In Thailand, Why Are There So Many Overhead Cables?

Have you ever wondered how it’s possible to make an electrical repair to the overhard cables in Thailand?

To the foreign eye, it seems impossible how this spaghetti of power cables, telecoms lines, and fibre lines could be routed overhead. The local electricians can still identify faulty power lines. It’s easy to identify the power lines. They are always further up the pole and always have conductors.

Why are overhead cables used?

Infrastructure. A network of poles has been in place all over Thailand for decades, and it has been easy to piggyback new services onto these poles.

Of course, the electricity company that owns the poles charges the other utility companies to use the existing poles.

Overhead cables are quickly replaced in the case of natural disasters such as typhoons, earthquakes, and tsunamis, which is an excellent reason to keep your power cables overhead.

How can the number of overhead cables be reduced?

In Bangkok, there are moves to put power cables and cables from other utilities underground, but it’s such a monumental task with astronomical costs. It’s estimated a 400 Km stretch will take three years to complete.

There is a concerted effort to move cluttered overhead cables into trenches and or into overhead tubes to relieve the eyesore developed over decades of expansion and development of the country’s capital.

The 400 Km project will run in tandem with the Metropolitan Electricity Authority (MEA) and the Provincial Electricity Authority (Pea), and Bangkok Metropolitan Administration ( BMA).

However, Thailand is a huge country, and the overhead cables will remain in the provinces for the foreseeable future.

Why are overhead power lines hung loosely?

Power lines generate heat, and in hot countries, they generate more heat due to the ambient temperature.

Looping cables and loosely hanging them allow for cable cooling as the heat can dissipate more easily.

What do overhead cables do in Thailand?

The spaghetti of cables you see is not just electricity. Many cables are running internet lines to individual homes. 

Data cables carry huge amounts of information, and without other ways to transmit the data, the cables must be placed on poles.

Is it only Thailand that has this problem?

Many South-East Asian countries have this problem. The problem is an infrastructure issue, and with politicians using funds for their favourite projects, the power cables remain somewhat precarious.

Growth in these developing countries over the past couple of decades, and longer in some cases, has exacerbated the difficulty of delivering power.

Using overhead power lines enables power companies to thread 100 kilometres of overhead cables in a shorter time than trenching.

Are underground electric cables better?

In countries that are more prone to natural disasters, it would seem that underground power cables are the way to proceed. High winds can damage the cables.

If the cables are safer underground, it’s a no-brainer for local governments to place these power lines underground and beautify the surroundings.

The problem arises when you find out that it costs up to seven times the cost to bury cables than hand them overhead!

If an area is prone to flooding (Asian countries do have big floods), the cable needs to be replaced due to the possible formation of mildew on the insulation, making the cable dangerous.

Does the USA have all cables buried underground?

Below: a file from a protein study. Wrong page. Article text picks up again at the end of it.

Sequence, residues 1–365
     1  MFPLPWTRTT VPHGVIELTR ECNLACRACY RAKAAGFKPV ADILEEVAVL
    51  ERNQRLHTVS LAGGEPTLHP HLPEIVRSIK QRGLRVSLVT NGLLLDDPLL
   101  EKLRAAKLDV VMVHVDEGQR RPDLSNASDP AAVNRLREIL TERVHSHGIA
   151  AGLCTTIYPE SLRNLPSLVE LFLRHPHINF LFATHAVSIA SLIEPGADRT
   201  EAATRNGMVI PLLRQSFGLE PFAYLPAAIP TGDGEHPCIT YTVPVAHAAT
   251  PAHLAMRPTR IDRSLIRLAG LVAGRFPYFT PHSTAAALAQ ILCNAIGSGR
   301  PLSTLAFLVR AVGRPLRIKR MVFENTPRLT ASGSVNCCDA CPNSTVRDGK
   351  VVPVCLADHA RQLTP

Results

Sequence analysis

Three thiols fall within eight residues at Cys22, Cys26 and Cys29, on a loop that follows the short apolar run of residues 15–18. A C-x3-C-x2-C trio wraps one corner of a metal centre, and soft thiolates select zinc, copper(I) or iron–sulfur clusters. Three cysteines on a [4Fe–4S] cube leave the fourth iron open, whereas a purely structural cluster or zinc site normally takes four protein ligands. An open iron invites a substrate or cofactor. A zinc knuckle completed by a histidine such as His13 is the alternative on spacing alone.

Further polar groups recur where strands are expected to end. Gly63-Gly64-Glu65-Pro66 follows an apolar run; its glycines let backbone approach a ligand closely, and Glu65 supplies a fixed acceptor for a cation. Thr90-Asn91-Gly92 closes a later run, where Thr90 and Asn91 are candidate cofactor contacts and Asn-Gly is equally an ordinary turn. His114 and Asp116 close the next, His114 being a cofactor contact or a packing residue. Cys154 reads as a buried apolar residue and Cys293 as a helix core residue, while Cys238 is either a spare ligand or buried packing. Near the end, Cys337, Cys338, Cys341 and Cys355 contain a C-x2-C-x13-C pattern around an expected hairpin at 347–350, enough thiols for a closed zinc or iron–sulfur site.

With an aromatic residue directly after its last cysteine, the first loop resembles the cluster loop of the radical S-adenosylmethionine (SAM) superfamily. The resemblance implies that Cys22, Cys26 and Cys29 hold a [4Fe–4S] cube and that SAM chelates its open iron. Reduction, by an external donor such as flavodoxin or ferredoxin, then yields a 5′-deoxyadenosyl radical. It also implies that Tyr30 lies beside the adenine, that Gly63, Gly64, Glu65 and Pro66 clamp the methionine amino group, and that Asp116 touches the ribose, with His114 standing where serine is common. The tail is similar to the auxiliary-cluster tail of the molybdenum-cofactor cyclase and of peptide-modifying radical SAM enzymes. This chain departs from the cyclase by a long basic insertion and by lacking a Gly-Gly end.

No, the cost is too high for the local government units to afford the installation of underground cables. 

One such state is Louisiana, which has decided it’s not economical to bury its power lines due to cost.

Why does Japan use overhead power lines?

It’s a different story for Japan. After world war 2, the Japanese government wanted to rebuild the nation as fast as possible. The fastest way to distribute electricity across the country was to use poles and overhead cables.

There is a significant push to take all overhead cables underground, but the economy has to make sense even in a wealthy country like Japan.

Is underground cabling safe?

Yes and no, there are some inherent problems with underground cables and infrastructure in developing countries.

There is no way to tell if an underground cable is live and what’s more hazardous. It can look like a pipe.

Damaging underground cables from construction work activities can be fatal or cause lifelong injuries.

Can water and power be in the same trench?

Some say No others say yes! Power and water can share a trench, but there are obvious concerns as electricity and water are a dangerous combination.

The problem with sharing a trench is it will become more costly to undertake maintenance and repairs due to the need to have both utilities on-site and simultaneously.

How are water lines trenched in South East Asia?

In cities, the water lines are trenched to provide water services to their consumers. Still, once you move away from the larger cities, many water pipes are inches under the surface ground, and many lay on the ground’s surface.

Are European power lines underground?

Some, Germany and the Netherlands lead the way with an estimated 41% of high voltage cables running underground.

Domestic homes are supplied via underground cables from the local transformer.

Will Thailand meet their goals of placing power cables underground?

Yes, but it will be a long time, although Thailand has the highest GDP amongst its South-East Asian partners, which enables Thailand to push forward with its plans to upgrade to buried cables and have a more eye-pleasing presence for its tourists.

For the provinces and tourist areas such as Pattaya, it’s uncertain when they will achieve underground power supplies. Still, for now, they are making the power supplies neat and tidy as the country launches itself back into tourism after COVID.

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